are daily sent in to relieve it: See 2 Cor. i 5. “ As the suffer. * Hings of Christ abound in us, so our confolation also abound. meth by Chrift;" fresh aids and daily supplies proportionable to our expences and decays of strength : So Col. i. 11. 16 Strengthned with all might in the inner-man, according to « his glorious power, unto all patience and long-suffering with ► joyfulness." And this is the believers great advantage by his union with Christ in a day of trial.

3. Thirdly, As fincerity unites the soul with Christ, so it sets the heart upon heaven, and things eternal; Col, ji. 1. C. Surely nothing is more conducive to our stability than this, in the hour of temptation.

This is the most effectual preservative from temptations upon the right hand, and upon the left. Mofes could cast a king. dom at his heels; despife the riches, pleasures, and honours of Egypt, whilst his eye was fixed upon him that is invisible, and had respect to the recompence of reward, Heb. xi. 24, 25,

26. And it was a brave reply of the forty martyrs to Valence
the emperor, tempting them with the preferments and honours
of the world, "Why offer ye these trifles to us, wher you know
• how the whole world is contemned by us?” And for temptati-
ons on the left hand, how little can they move that coul, who rea-
fizes the glory of the approaching world, and sees the afflictions
and fufferings of this world preparing him for, and haftening
him to the enjoyment of it: temptations meet with but cold
entertainment from such fouls. . . . . .

4. Fourthly, Sincerity drives but one design, and that is to please and enjoy God: and what can more establish and fix the foul in the hour of temptation than this ? The reason why the hypocrite is unstable in all his ways, is given us by the apoAle James, i. 8. He is a double-minded man, dibuxos simp, á man of two souls in one body; as a profane wretch once boasted, 'that he had one foul for God, and another for any thing. But all the designs of a gracious heart are united in one ; and so the entire stream of his affections runs strong,

It is base by-ends and self-interests, that, like a great many ditches cut out of the bank of a river, draw away the stream out of its proper channel, and make its waters fail. But if the heart be united for God, as the expression is, Pfal. lxxxvi. 11. then, we may fay of fueh a Christian, as was said of a young Roman, Quicquid vult, valde vult ; What he doth, is done with all his might. And this was the ground of that saying, Liberet me Deus ab homine unius tantum negotii: A man of one only design, puts to all his strength to carry it ; nothing can Itand before him.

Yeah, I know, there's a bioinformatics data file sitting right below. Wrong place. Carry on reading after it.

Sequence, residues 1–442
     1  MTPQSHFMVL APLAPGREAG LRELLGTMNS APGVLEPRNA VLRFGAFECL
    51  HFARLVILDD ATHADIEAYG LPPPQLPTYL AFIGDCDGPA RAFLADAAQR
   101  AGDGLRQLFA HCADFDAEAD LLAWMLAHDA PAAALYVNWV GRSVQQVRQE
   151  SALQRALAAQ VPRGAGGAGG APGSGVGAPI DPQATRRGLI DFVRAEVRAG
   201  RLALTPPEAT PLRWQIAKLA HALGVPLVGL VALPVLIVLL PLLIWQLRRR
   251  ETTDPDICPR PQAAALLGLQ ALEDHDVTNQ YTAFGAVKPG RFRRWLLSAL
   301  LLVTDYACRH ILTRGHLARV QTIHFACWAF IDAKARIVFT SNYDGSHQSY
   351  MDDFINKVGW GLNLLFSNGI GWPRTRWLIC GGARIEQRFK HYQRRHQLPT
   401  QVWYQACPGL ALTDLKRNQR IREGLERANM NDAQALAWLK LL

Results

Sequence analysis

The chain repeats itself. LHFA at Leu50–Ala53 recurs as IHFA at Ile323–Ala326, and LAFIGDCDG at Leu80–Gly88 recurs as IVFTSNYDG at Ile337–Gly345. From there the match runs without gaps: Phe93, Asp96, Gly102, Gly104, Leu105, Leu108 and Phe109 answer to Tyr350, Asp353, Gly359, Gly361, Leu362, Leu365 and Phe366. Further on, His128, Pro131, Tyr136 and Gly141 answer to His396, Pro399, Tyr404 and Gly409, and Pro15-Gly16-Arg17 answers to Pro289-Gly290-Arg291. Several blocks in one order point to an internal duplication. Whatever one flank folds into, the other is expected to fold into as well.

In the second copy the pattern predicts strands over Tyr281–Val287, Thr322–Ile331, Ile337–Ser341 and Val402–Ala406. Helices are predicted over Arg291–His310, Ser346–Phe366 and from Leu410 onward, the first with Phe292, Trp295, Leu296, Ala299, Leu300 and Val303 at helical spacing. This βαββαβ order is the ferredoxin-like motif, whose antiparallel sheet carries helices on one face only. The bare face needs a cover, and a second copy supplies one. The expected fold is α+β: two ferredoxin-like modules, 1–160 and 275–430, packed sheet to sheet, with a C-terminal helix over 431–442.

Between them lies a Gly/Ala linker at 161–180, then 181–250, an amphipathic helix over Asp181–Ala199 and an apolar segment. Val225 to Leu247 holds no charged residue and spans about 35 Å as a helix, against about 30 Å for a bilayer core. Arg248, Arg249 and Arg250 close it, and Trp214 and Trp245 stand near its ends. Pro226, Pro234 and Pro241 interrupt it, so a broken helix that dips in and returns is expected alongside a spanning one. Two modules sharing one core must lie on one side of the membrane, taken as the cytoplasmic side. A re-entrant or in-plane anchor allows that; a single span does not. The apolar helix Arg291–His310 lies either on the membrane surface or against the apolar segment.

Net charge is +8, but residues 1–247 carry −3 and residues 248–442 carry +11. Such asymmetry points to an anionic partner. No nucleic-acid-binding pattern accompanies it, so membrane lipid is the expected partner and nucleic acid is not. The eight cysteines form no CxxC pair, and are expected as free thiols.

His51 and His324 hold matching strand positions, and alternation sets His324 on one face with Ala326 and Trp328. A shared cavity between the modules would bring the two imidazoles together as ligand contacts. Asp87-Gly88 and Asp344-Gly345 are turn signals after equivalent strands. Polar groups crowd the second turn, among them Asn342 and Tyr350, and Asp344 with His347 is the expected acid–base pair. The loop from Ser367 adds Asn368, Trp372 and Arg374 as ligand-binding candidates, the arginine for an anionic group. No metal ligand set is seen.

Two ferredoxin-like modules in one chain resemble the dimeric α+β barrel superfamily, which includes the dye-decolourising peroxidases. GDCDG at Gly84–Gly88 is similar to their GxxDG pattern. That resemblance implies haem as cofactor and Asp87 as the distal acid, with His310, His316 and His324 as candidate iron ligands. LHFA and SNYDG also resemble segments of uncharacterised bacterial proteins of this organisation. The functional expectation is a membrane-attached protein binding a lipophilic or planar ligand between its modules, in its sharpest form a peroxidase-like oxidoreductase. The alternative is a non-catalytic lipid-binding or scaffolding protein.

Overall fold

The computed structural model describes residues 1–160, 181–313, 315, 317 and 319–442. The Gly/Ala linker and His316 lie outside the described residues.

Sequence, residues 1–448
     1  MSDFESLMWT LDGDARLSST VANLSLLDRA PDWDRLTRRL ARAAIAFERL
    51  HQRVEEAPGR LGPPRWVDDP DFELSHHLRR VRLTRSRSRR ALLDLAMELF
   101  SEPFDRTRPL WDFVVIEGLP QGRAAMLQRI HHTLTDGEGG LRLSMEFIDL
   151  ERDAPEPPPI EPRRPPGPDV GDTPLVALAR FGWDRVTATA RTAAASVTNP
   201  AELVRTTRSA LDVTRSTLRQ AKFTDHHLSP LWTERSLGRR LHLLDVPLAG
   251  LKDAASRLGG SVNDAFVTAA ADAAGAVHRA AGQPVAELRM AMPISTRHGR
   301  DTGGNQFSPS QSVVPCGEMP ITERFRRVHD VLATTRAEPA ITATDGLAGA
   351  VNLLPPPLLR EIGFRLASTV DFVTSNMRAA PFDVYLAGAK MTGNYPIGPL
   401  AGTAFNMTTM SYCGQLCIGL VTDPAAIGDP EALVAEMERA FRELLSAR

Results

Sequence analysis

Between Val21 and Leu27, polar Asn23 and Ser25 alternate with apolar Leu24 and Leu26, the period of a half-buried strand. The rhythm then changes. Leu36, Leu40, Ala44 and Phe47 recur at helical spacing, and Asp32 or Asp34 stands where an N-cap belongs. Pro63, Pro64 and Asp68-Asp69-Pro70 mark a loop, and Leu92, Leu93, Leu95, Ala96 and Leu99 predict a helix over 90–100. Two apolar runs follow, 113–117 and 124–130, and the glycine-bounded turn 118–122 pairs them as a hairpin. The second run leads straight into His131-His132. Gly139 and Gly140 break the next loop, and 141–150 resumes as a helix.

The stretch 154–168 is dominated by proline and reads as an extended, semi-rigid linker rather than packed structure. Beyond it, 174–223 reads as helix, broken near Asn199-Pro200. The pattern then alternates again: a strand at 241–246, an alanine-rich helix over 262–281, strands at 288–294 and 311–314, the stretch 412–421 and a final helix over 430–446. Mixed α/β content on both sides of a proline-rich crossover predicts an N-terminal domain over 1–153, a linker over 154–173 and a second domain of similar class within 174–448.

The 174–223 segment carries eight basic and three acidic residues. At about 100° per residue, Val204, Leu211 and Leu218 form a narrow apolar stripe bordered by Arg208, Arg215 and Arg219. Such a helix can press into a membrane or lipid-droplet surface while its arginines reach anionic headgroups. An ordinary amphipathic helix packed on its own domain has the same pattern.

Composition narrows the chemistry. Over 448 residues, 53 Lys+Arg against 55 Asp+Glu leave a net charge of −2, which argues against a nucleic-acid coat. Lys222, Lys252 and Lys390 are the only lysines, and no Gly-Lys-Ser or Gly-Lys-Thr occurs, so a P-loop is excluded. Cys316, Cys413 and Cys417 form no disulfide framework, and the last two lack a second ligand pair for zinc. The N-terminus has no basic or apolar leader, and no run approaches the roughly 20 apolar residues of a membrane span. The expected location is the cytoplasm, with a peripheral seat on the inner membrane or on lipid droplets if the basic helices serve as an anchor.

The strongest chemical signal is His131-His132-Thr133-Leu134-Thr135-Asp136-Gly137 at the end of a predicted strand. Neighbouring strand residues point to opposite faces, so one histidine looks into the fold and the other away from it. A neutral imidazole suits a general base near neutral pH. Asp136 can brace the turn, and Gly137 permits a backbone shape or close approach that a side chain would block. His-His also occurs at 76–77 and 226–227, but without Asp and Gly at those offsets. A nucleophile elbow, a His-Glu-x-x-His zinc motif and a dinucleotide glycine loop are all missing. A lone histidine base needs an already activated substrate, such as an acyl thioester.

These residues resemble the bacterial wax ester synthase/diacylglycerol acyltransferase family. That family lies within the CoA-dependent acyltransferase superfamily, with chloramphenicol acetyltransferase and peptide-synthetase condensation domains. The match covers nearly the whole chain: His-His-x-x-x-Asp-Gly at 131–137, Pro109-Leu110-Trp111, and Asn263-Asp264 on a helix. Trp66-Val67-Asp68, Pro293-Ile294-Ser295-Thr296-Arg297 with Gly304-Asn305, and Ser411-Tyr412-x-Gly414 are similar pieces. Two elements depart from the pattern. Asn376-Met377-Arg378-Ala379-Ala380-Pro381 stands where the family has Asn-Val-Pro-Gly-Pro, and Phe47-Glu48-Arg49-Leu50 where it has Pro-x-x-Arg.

5. Fifthly, Sincerity brings a man's will imto subjection to the will of God; and this being done, the greatest danger and difficulty is over with such a man. This is that holy oil which makes the wheels of the foul run nimbly, even in difficult paths of obedience; Non tardat un&ta rota. Let but a man be once brought to that, “ The will of the Lord be done,” as it is Acts xxi. 13. to see the highest reason of chearful obedience in the holy, juit, and good will of God, and then all the difficulty is over; he can suffer quietly what men inflict unjustly.

6. Sixthly, Sincerity takes its measures of present things by the rules of faith and eternity, it goes not by the same reckoning and account that others do, .wiio judge of things by sense, and the respects they have to the present world, 2 Cor. iv. 18. “ We look not at the things that are seen, but at the things - that are not seen;" and this is there given as the reason of his not fainting under present difficulties: So, Rom. viii. 18

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* I reckon that the sufferings of the prelent times are not wor« thy to be compared with the glory which shall be revealed « in us." He will not allow himielf to undervalue eternal

glory, by oncc mentioning present sufferings, in a way of ben in moaning himself for them : A steady eye upon the other world . makes us more than conquerors over the troubles of this world. . . .